Google has been on a acquisition rage lately, nabbing up everything from home automation technologies to running robots. How they relate, I’m yet uncertain. The company still remains very focused on its core products and revenue streams, including online text-based advertising. The latest product release should prove a real serious threat to the likes of Cisco et al. The features seem enticing, and the price point ($999) is reasonable for the functionality. The Signage box is much less expensive at $179.
My personal worry is that Google Chromebox also may prove a threat to the digital signage market for the following reasons:
- It’s a set-top box. By partnering with Acer on the hardware, they’re furthering their competence in the small-form-factor set-top box market.
- They already do advertising. Advertising is their business. Doing a massive digital signage advertising network or providing the tools for doing so would require some simple, albeit significant, retrofitting, but the possibility still exists.
- They’ve already toyed with kiosks in the past. We’ve even talked about it.
- The software includes facial tracking/recognition. This is the missing link between ad networks that work and those that done. Advertisers want to know people are actually viewing the content. That’s one of the reasons, Intel went neck deep with the acquisition of Cognovision.
- They could integrate Chromecast. For those not familiar with Chromecast, it’s very similar to our mediaDROID stick. Some combination between the Chromebox, Chromecast and Chrome kiosk mode could really do some major damage very quickly.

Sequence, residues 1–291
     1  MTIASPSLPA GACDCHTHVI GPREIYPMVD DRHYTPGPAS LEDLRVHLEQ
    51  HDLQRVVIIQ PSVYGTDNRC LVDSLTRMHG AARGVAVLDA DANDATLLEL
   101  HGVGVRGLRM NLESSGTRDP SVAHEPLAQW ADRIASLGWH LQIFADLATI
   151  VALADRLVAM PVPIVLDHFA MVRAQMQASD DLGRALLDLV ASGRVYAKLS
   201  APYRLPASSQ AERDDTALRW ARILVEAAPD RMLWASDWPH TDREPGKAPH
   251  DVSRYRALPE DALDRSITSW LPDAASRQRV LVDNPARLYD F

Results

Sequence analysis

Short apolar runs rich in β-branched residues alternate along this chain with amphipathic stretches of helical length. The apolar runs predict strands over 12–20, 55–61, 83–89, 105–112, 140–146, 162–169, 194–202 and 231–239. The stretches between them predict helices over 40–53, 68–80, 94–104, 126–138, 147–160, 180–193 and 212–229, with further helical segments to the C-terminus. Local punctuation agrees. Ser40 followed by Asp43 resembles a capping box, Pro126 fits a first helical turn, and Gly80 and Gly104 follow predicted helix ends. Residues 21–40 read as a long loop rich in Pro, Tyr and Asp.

While there are downsides to others in the industry to a potential entrance by Google, either organically or by acquisition, there are also some potential benefits. Nothing provides more legitimacy than another publicly-traded, multi-billion dollar behemoth getting into the market. It could help boost demand for general DS products. Currently none of the other elephants in the room (Intel is the real beast) have real experience running an ad-based biz model–another boon for Google. Second, having Google in the market could help to flesh out the ad-based model further–something which still has yet to materialize. The likes of NEC’s VUKUNET and more recently BroadSign only have really scratched the surface of such a network’s true potential.
Just as a side note, I’m currently crafting this post on my Google Acer Chromebook. I love the thing, especially the cost ($200). When Google finally decides to make a few tweaks to Google Docs, Microsoft may have a very major issue on their hands. And if they ever decide to partner with Acer on some media players or a Chromecast-like signage stick, I’m sure the price point could be at or below what we’re already charge.
I know starting rumors is a bit childish, but it’s fodder for meaningful discussion. Do you think Google should enter the digital signage market? If so, what would it mean?